In Conversation With Christine K Jacob
She is the founder and Managing Director of Digi-Bridges; she is also a HealthTech researcher at ARU in Cambridge.
With nearly 2 decades of experience in Fortune 500 organizations where focus was on helping customers to adopt creative and innovative user engagement strategies, to create relevant and sustainable digital health solutions. She founded Digi-Bridges to help unleash the potential of using Digital Strategies in advancing healthcare.
A. What is fueling the transformation is the availability of data. Digital tools such as apps, AI, wearables MIoTs, diagnostic devices are generating unprecedented amounts of data. We are working on the data to personalize health care , to research to be more predictive. We have seen a push towards such change as it gives a motive to monitor the people at home , vitals of people, and also what people can report thor symptoms, without coming to the clinic, thus data in a structured way is helping all this change. Patients can self – monitor, and participate in ,a dynamic approach to patients, they become part of the care, they can report, monitor and express themselves. Data is the backbone of the transformation that we are seeing today.
A. Companies who have experience with managing data will have the edge. COmpanies like APple and Google have jumped into healthcare. Though there is a need to partner with the HC companies to help with contact tracing and other diagnosis.
A. The constraint of insurance companies who do not allow to switch between providers would hold the exigency of the focus on patient experience. But for those who can switch, yes it would be important. Like in countries like Germany, and Switzerland where you can pay additional for extra options to choose what you want to do and in such cases patient exp is vital.
But without choice it would take time, and we need a mindset change to allow the competition on grounds of personalization, option, tele monitoring, telehealth, and enabling consults from home, and there were cases during pandmeic, many clinic who did not have gone ofrit.
But regulations as they flip back, clinics may not offer, as reimbursements no longer valid. So there is a need for mindset change, as only willingness of patients is not enough, they are ready.
A. As digital involves data, and allows constant monitoring, it certainly puts the focus on outcomes as it makes it easier to measure success and results as it enables better transparency, measurement, and monitoring, tracking . And is enabling the shift from medical care to health care.
THe present focus is on cure, fixing the issue and the ailment. In very few cases do we see a holistic approach, a multidisciplinary approach , especially with people with chronic diseases are autoimmune diseases. complexity needs monitoring and interconnectivity otherwise if tis just separate specialists trying to fix it will not help. DIgital has a lot of scope to move from patient care to health care.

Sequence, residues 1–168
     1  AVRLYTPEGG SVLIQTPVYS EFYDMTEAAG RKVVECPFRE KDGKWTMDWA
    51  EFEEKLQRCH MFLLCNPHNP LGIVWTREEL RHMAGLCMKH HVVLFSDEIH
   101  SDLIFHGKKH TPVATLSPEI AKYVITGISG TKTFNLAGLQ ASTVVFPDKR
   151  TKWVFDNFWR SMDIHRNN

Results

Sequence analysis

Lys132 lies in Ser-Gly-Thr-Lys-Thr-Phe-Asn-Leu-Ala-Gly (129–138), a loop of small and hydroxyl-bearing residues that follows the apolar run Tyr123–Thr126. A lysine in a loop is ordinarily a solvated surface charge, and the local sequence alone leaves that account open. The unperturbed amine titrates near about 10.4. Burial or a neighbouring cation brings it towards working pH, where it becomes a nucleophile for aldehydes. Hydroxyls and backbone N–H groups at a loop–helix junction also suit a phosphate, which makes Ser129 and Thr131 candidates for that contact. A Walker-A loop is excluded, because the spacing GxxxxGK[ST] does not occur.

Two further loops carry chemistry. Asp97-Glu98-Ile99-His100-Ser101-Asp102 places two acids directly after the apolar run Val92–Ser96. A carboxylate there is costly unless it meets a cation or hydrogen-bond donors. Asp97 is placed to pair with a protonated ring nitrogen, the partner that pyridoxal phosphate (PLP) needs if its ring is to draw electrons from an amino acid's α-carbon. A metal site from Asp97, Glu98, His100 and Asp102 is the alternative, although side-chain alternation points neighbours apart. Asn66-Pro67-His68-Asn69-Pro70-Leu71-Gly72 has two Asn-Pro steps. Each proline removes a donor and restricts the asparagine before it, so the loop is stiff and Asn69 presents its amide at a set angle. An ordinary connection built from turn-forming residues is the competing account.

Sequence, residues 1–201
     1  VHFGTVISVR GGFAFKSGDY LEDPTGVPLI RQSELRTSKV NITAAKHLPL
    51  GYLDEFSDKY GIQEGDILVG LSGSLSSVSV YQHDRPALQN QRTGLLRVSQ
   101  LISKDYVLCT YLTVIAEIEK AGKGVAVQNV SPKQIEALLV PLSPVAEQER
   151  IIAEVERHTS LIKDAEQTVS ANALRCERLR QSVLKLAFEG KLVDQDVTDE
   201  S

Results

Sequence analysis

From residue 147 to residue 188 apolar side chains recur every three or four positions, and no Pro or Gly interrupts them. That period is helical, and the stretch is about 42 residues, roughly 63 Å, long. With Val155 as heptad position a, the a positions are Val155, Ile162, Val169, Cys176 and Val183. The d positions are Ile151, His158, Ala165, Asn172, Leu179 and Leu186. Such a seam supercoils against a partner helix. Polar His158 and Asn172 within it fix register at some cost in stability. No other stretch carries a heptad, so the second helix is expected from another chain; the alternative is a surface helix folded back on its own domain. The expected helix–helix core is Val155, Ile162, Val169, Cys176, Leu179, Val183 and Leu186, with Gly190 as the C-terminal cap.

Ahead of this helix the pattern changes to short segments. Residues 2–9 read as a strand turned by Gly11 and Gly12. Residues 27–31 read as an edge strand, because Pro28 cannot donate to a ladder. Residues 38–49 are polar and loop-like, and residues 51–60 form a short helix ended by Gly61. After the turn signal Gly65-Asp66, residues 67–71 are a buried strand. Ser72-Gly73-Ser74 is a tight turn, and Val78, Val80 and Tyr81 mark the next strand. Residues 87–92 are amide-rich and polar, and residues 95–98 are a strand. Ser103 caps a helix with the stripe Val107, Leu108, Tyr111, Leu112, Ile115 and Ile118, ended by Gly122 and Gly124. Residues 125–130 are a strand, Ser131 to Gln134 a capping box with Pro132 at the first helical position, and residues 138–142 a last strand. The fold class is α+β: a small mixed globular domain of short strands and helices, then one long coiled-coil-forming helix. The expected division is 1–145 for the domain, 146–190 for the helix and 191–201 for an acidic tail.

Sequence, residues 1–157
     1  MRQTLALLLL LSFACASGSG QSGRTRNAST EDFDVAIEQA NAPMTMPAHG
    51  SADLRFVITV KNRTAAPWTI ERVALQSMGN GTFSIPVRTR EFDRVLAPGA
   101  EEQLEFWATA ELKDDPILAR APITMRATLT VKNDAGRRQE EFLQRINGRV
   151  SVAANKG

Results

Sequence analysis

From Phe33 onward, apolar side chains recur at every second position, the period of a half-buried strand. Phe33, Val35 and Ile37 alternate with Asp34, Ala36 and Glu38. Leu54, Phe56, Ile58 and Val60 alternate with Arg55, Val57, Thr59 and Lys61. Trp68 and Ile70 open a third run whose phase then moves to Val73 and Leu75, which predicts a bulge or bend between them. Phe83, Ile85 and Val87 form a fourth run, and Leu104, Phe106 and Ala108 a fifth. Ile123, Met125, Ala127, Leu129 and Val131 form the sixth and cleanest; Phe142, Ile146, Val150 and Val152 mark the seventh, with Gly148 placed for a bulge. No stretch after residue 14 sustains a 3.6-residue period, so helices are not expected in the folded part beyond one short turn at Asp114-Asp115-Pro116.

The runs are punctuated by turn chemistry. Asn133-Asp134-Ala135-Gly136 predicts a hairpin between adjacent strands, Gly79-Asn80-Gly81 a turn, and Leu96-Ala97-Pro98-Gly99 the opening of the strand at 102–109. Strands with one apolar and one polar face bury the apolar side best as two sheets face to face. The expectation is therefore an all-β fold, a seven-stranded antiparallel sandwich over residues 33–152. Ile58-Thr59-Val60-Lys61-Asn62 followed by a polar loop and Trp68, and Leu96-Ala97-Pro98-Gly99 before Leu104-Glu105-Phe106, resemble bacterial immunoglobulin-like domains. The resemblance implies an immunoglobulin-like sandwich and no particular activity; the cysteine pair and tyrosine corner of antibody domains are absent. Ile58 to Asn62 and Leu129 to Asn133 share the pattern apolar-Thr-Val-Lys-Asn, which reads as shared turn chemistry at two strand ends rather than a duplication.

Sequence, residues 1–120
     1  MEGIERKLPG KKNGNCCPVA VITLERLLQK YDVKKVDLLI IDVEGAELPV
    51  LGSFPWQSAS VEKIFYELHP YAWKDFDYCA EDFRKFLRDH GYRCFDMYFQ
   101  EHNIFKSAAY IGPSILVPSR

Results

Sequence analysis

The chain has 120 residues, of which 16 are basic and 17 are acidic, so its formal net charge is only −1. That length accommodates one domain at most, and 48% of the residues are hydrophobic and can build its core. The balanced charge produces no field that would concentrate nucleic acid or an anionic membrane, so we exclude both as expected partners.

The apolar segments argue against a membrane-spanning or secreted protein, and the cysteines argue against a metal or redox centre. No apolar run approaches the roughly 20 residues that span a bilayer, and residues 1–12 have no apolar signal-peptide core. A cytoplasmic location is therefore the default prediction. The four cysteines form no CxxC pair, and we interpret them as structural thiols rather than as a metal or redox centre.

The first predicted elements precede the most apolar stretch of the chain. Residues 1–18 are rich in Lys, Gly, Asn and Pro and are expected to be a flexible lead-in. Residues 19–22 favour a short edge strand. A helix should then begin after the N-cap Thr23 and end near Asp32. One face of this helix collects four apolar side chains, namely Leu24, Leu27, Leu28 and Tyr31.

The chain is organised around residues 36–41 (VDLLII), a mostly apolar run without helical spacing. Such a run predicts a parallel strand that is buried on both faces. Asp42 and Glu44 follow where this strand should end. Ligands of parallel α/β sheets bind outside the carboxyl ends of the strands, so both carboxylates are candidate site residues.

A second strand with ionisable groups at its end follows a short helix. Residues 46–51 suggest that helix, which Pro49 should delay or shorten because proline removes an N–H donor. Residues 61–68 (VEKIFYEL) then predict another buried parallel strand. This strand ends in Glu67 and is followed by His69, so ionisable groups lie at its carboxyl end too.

A. In many cases yes, personalization is certainly helpful and digital has capabilities to deliver it. For instance- Cancer drugs need to be adjusted to the changes patients are facing – weight gain or loss. DOse adjustment is helpful , with digital you have a lot of opp, as you can monitor the patients in between visits. I know a doctor in France who monitors lung cancer patients with AI enabled algorithms with which he was able to prolong life by eight months with AI and digital.
It need not be advanced technology, but a simple monitoring with digital tools can go a long way in imprint Healthcare delivery.
Hyperpersonal Oztion for rare diseases is also an area where tech is delivering better outcomes
For things like routine checks and annual visits where you need not necessarily be in the hospital. With the rise of wearable and diagnostic a lot can change.
But then a lot depends on the regulations. If they do not reimburse, innovation will get thwarted.
A. They should first speak to their customers. A lot of startups I have seen have great technology, but they have not spoken to the patients and that can change everything.
The companies need to talk to the users at an early stage to know what they want to develop the right product. User feedback will help in finding where the problem lies, sometimes if it is the colour, or the font size, which confuses them and they drop out.
Also when making a tool for clinicians, one must be careful to ensure that it fits into their workflow and is not an additional task. They would not use something that adds to their effort. Look into infrastructure, these systems need to speak with each other.
Digital tools or platforms have a lot of value to add with process automation, so that all the additional work for clinicians can be taken care of.
Understanding the user’s needs is critical. Making the application easy to use and effective is important. Empathetic approach is needed, for instance, for cancer and chronic illness patients their condition may not allow them to use the app. You have to really fit into the lives of the patients and cater to their very specific needs. such considerations are vital and must be considered in designing the application.
“Embed the user at the heart of the development process, and making sure that every part is working together, making sure that you are offering them enough training to be able to use your tool. ALso, for clinicians and physicians, not only how to use the tool, but also seeing how it fits into the overall picture, integrating it into their workflow will go a long way in augmenting the efficacy of the application.”
The pandemic has changed a lot of things, but what specific change you see that will